January 31, 2014 12:13 pm | News | Comments

Scientists at the Univ. of Strathclyde, U.K., have successfully demonstrated two notable high-power laser research developments: the first ever tunable diamond Raman laser and the first continuous-wave (CW) laser. Both lasers use synthetic diamond material made by California’s Element Six. The breakthrough is a significant achievement in solid-state laser engineering.

An electrical switch for magnetism

January 31, 2014 11:13 am | News | Comments

Only a few elements in the periodic table are inherently magnetic, but scientists have recently discovered that gold, silver, platinum, palladium and other transition metals demonstrate magnetic behavior when formed into nanometer-scale structures. Scientists at the RIKEN Center for Emergent Matter Science have now shown that this nanoscale magnetism in thin films of platinum can be controlled using an externally applied electric field.

New catalyst converts greenhouse gases into chemicals

January 31, 2014 11:02 am | by Karen B. Roberts, Univ. of Delaware | News | Comments

A team of researchers at the Univ. of Delaware has developed a highly selective catalyst capable of electrochemically converting carbon dioxide to carbon monoxide with 92% efficiency. The carbon monoxide then can be used to develop useful chemicals. The exceptionally high activity of the new electrocatalyst is due to its extremely large and highly curved internal surface.

Quantum dots provide complete control of photons

January 31, 2014 10:48 am | News | Comments

By emitting photons from a quantum dot at the top of a micropyramid, researchers at Linköping Univ. in Sweden are creating a polarized light source for such things as energy-saving computer screens and wiretap-proof communications.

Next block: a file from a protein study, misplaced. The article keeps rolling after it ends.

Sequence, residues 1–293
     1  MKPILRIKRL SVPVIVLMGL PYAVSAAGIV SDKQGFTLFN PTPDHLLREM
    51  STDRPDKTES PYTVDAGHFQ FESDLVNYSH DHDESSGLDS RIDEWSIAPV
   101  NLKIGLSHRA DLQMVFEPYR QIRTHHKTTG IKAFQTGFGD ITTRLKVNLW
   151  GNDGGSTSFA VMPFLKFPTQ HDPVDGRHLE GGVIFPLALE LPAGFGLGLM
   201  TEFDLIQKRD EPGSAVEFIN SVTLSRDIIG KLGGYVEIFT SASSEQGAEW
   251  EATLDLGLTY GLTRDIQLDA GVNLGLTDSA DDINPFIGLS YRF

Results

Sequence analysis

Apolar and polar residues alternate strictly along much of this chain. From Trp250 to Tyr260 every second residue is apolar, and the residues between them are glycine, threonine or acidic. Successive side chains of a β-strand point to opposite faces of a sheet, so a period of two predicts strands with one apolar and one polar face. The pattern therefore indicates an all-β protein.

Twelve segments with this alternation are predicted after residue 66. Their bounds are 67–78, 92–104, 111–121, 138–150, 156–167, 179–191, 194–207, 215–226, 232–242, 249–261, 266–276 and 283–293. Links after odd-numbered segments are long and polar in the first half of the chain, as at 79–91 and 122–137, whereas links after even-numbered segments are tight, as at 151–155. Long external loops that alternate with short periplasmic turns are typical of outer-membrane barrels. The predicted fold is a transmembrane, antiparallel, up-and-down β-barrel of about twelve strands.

Nearly everyone uses piezoelectrics, but do we know how they work?

January 31, 2014 8:00 am | News | Comments

Though piezoelectrics are a widely used technology, there are major gaps in our understanding of how they work. Researchers at NIST and in Canada believe they've learned why one of the main classes of these materials, known as relaxors, behaves in distinctly different ways from the rest and exhibit the largest piezoelectric effect. And the discovery comes in the shape of a butterfly.

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Rice lab clocks “hot” electrons

January 31, 2014 7:48 am | News | Comments

Plasmonic nanoparticles developed at Rice Univ. are becoming known for their ability to turn light into heat, but how to use them to generate electricity is not nearly as well understood. Scientists at Rice are working on that, too. They suggest that the extraction of electrons generated by surface plasmons in metal nanoparticles may be optimized and have measured the time plasmon-generated electrons take moving from nanorods to graphene.

New catalytic converter could cut fuel consumption, car manufacturing costs

January 29, 2014 10:27 am | News | Comments

A new catalytic converter developed in the U.K. could cut fuel consumption and manufacturing costs significantly. Tests suggest that the new prototype, which uses up to 80% less rare metal than a conventional converter, could reduce fuel consumption in a standard vehicle by up to 3%. Metals such as platinum now account for 60 to 70% of the cost of the component.

Navy researchers create new type of graphene transport device

January 29, 2014 10:12 am | News | Comments

Scientists at the U.S. Naval Research Laboratory have created a new type of tunnel device structure in which the tunnel barrier and transport channel are made of the same material, graphene. Their work shows the highest spin injection values yet measured for graphene, opening an entirely new avenue for making highly functional, scalable graphene-based electronic and spintronic devices a reality.

Stratasys introduces world’s first color multi-material 3-D printer

January 28, 2014 1:39 pm | News | Comments